Edited by Joseph A. McMahon and Michael N. Cardwell
Chapter 9: European Union biofuels policy: Past, present and future?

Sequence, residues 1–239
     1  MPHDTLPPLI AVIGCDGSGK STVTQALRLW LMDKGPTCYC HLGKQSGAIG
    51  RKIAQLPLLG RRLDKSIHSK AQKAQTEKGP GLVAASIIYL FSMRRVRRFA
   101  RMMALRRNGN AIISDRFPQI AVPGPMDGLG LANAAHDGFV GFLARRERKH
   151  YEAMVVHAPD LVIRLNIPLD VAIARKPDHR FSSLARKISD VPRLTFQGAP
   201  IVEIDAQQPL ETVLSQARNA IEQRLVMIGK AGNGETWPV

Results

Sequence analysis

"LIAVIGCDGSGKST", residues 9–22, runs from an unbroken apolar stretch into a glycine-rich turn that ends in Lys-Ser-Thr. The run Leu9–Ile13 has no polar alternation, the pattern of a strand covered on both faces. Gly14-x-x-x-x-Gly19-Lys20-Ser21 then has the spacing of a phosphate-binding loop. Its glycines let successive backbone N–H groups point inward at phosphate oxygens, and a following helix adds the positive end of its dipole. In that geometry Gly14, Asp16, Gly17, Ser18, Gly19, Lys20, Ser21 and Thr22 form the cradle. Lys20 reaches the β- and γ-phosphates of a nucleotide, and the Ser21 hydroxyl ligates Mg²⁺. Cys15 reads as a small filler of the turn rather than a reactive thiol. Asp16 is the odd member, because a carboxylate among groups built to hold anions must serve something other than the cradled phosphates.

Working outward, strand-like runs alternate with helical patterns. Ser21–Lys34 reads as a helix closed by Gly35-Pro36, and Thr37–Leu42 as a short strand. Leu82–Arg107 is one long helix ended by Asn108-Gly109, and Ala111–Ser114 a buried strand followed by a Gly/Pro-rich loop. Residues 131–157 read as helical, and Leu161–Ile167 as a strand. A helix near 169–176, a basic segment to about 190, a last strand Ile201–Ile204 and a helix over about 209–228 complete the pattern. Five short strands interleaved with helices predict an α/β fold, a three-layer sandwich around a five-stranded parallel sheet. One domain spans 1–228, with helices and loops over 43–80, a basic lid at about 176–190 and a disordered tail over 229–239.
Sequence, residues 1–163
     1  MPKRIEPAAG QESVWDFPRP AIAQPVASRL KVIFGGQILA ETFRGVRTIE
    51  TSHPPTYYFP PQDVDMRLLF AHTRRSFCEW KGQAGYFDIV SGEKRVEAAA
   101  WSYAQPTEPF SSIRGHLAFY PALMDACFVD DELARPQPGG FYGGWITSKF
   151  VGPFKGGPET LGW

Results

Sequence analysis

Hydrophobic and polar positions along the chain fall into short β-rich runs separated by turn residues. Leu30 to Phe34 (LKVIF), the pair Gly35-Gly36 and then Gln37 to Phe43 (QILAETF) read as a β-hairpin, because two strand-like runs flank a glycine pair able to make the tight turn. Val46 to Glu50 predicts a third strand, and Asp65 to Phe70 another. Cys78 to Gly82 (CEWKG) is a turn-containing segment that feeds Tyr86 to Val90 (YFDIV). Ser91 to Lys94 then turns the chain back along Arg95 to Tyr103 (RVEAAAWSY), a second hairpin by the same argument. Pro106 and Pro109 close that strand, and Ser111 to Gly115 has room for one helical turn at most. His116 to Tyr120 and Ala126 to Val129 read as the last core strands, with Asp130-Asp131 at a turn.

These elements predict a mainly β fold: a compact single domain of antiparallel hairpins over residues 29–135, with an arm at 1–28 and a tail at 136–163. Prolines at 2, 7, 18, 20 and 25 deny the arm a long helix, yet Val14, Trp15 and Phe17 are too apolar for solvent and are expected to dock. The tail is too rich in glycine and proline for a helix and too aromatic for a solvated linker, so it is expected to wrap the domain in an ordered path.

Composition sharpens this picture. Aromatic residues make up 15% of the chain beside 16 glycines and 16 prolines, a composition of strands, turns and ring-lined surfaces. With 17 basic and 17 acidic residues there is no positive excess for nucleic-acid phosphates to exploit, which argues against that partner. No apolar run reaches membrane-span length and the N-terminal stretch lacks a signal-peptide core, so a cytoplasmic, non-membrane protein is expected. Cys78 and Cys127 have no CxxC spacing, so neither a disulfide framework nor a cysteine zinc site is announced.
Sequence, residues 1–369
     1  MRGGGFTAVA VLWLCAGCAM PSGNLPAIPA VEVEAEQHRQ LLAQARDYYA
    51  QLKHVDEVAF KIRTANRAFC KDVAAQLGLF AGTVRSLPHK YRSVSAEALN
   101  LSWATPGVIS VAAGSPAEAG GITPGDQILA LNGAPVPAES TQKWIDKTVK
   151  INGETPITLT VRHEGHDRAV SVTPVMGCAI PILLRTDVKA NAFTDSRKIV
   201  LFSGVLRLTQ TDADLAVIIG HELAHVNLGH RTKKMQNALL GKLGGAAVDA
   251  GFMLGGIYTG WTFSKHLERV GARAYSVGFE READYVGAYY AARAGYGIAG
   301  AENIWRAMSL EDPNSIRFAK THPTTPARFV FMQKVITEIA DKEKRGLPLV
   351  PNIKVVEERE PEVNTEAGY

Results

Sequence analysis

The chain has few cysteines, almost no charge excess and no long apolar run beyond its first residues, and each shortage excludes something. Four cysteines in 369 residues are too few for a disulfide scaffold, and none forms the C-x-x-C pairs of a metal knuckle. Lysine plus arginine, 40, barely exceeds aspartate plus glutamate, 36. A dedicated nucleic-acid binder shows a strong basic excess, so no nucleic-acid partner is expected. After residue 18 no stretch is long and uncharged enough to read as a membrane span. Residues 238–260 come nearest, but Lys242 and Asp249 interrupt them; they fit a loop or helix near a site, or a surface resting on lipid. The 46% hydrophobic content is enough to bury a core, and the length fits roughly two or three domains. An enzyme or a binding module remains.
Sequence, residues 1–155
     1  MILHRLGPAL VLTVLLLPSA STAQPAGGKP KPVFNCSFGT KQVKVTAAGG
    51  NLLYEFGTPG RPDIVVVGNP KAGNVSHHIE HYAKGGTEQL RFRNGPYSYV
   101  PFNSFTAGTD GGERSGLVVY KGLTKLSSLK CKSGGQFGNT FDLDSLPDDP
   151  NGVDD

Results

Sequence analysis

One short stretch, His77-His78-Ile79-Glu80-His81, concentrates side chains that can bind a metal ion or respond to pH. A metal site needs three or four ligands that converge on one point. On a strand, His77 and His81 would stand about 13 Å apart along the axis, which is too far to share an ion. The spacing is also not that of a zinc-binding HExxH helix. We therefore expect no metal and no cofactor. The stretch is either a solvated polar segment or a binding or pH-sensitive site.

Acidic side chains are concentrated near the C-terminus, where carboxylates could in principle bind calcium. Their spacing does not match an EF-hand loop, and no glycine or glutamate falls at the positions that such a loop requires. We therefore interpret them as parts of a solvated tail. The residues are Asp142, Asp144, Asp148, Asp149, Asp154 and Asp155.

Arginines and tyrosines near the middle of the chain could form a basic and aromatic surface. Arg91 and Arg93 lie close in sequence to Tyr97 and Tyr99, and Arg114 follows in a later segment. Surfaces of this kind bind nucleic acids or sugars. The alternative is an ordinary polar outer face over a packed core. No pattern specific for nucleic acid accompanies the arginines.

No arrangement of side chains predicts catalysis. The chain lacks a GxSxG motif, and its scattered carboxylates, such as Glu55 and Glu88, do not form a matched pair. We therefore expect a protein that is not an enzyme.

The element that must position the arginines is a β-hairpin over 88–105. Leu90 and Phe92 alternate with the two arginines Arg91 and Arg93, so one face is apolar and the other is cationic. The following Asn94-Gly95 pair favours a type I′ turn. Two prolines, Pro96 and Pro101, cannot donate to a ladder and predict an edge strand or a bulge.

Biofuels may be defined as fuels made from renewable feedstocks, such as rapeseed, corn and miscanthus, which can be substituted for petroleum-based fossil fuels. Most analyses of biofuels distinguish between conventional first generation biofuels derived primarily from food crops such as corn, rapeseed and sugar, second generation biofuels which are sourced from, inter alia, non-food biomass, the residues of food crops and dedicated energy crops such as miscanthus as well as short rotational coppice and third generation biofuels made from sources such as algae. While there has been much interest in so-called advanced biofuels made from lignocellulosic materials and algae, these are not yet commercially available. Biofuels, in principle at least, are carbon neutral in that ‘upon combustion they theoretically release into the atmosphere only that carbon which was sequestered during their growth as plants’. Biofuels can be mixed with petrol or diesel and most modern internal combustion engines can support such use. They have thus been attractive to policymakers as a way to reduce greenhouse gas (GHG) emissions from transport and hence support efforts to combat climate change. This climate change link has been particularly prominent within EU policymaking circles such that the ‘cognitive framework’ of the biofuels policy community was that ‘GHG emissions [were painted] as the most important characteristic of biofuel production’.
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